If the downstream investor was equally at fault with, or more at fault than, the insurer, the the trial court should leave the parties where it found them, allowing the insurer to keep the premiums. If the downstream investor was innocent or the insurer was more at fault, the court should return the premiums.

The Restatement (Second) of Contracts

Restatement Section 198 lays out two exceptions to the general rule-when a party is (1) excusably ignorant and (2) not equally in the wrong with the party from whom he seeks restitution.

The Supreme Court adopted a fault-based analysis, framed under the Restatement, that considers questions specific to insurance policies declared void ab initio as against public policy for lack of an insurable interest as the correct test to determine whether premiums should be returned.

The Supreme Court noted that a fault-based analysis incentivizes insurers to speak up when the circumstances suggest that a policy is void for lack of an insurable interest because they will not be able to retain premiums if they stay silent after being put on inquiry notice, and they might also be responsible for interest payments.

Thus, when analyzing a viable legal theory that seeks as a remedy the return of premiums paid on insurance policies declared void ab initio for lack of an insurable interest, Delaware courts are now required to analyze the exceptions outlined in Sections 197, 198, and 199 of the Restatement and determine whether any of those exceptions permit the return of the premiums. A court needs to determine whether:

  • there would be a disproportionate forfeiture if the premiums are not returned;
  • the claimant is excusably ignorant;
  • the parties are not equally at fault;
  • the party seeking restitution did not engage in serious misconduct and withdrew before the invalid nature of the policy becomes effective; or
  • the party seeking restitution did not engage in serious misconduct, and restitution would put an end to the situation that is contrary to the public interest.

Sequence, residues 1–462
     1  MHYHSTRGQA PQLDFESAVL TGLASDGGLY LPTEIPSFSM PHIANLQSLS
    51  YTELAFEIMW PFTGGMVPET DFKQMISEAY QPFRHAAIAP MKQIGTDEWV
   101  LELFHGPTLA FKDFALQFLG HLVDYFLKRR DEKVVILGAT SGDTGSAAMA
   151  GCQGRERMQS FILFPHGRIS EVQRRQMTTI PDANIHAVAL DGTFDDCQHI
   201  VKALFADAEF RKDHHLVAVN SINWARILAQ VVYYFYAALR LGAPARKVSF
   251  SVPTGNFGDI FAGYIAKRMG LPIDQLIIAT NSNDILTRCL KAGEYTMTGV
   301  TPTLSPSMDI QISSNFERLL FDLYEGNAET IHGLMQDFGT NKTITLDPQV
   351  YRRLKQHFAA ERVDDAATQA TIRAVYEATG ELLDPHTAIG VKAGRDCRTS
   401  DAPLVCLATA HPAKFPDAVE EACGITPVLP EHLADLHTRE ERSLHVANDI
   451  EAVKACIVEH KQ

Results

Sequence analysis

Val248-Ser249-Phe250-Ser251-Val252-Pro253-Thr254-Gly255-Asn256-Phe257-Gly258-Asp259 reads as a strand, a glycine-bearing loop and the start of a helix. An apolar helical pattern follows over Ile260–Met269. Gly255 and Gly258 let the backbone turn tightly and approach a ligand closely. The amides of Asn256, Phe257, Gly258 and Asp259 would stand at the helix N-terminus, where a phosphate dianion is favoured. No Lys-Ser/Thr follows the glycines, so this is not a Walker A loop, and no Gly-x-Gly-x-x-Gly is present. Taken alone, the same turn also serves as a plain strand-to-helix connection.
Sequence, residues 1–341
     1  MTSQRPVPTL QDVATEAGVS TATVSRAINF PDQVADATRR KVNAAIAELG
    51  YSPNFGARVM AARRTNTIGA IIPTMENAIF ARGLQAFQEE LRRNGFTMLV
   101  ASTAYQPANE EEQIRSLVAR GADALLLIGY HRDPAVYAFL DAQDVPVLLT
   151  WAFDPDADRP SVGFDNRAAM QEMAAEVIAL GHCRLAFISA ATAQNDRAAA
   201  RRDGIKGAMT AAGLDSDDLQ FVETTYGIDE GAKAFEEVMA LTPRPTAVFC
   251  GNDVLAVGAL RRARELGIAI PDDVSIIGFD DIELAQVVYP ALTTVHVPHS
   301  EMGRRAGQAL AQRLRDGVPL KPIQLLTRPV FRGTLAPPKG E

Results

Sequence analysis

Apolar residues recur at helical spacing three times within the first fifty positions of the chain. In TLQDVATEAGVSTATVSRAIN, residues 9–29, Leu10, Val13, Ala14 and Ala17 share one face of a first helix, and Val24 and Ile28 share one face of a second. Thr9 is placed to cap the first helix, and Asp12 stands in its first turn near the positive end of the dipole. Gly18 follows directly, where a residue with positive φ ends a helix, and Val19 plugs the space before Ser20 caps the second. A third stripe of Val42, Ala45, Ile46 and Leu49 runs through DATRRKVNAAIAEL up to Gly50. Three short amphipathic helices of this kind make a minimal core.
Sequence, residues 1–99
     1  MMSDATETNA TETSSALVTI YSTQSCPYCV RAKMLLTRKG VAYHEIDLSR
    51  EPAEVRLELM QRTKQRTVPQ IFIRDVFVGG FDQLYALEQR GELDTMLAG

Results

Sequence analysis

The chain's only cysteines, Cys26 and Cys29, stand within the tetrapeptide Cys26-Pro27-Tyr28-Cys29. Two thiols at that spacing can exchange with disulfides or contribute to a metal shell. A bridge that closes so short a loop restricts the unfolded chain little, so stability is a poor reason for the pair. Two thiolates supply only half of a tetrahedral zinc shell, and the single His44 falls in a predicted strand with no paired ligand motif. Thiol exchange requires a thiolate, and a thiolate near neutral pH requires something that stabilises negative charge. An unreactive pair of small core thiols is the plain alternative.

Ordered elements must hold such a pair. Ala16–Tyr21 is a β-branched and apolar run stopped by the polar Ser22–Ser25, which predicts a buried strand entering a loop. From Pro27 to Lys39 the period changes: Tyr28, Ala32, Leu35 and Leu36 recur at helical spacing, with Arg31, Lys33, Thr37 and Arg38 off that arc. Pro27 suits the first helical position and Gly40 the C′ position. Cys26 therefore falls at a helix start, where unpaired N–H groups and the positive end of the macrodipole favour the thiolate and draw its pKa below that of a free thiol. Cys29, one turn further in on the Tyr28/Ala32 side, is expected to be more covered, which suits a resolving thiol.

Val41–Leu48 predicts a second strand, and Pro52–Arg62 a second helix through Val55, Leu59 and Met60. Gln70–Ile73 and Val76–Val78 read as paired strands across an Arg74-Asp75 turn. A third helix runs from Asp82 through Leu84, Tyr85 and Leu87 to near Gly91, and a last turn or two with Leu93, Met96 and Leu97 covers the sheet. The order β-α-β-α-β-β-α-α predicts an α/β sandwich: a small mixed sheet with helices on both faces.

The fault of the parties and public policy considerations will determine which party is entitled to the premiums paid on an insurance policy that is void ab initio for lack of an insurable interest.

The Superior Court Failed to Consider Whether Either Party Had Inquiry Notice of the Void Nature of the Policy

Here, prior to purchase:

  • Geronta, in consultation with Leadenhall, made the deliberate decision to superficially look at the Seck Policy by solely focusing on whether it was active.
  • Geronta purposefully ignored the possibility that some of the unexamined policies in the bulk purchase might have been unenforceable.
  • Geronta’s due diligence as to the Seck Policy was extremely limited.

The Superior Court also concluded that Brighthouse was not at fault because Geronta failed to show that Brighthouse had actual knowledge of the void nature of the Policy. In other words, the Court found that Brighthouse did not have actual knowledge of the Policy’s illegality.

Section 198 and the in pari delicto cases from Section III.A.b.i focus on whether a party had either actual knowledge or inquiry notice of the invalidity of the policy. Since the trial Court failed to consider whether Bighthouse was on inquiry notice of the void nature of the Policy.

The Supreme Court remanded the case for the Superior Court to reconsider its factual findings in light of this Court’s articulated test and specifically direct the court to consider whether either party had inquiry notice of the void nature of the Policy and reversed the court’s holdings regarding entitlement to premiums and remanded the case for consideration consistent with its opinion.


By waiting two years after inception of the policy for the fake insured the fraudsters defeated the ability of the insurer to rescind because of a life insurance policy’s noncontestability clause. However, since Mansour Seck did not exist the policy was not real, it was a gamble and a fraud, that the criminal invested a great deal of money, sold the risk to another and profited from the crime only to have the victim sell again until Geronta found itself paying premium on a void policy. To do justice the Delaware Supreme Court has provided a means to determine who is free of guile and who is not when deciding who gets the premium back, if anyone.

(c) 2022 Barry Zalma & ClaimSchool, Inc.

Barry Zalma, Esq., CFE, now limits his practice to service as an insurance consultant specializing in insurance coverage, insurance claims handling, insurance bad faith and insurance fraud almost equally for insurers and policyholders. He practiced law in California for more than 44 years as an insurance coverage and claims handling lawyer and more than 54 years in the insurance business. He is available at and

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About Barry Zalma

An insurance coverage and claims handling author, consultant and expert witness with more than 48 years of practical and court room experience.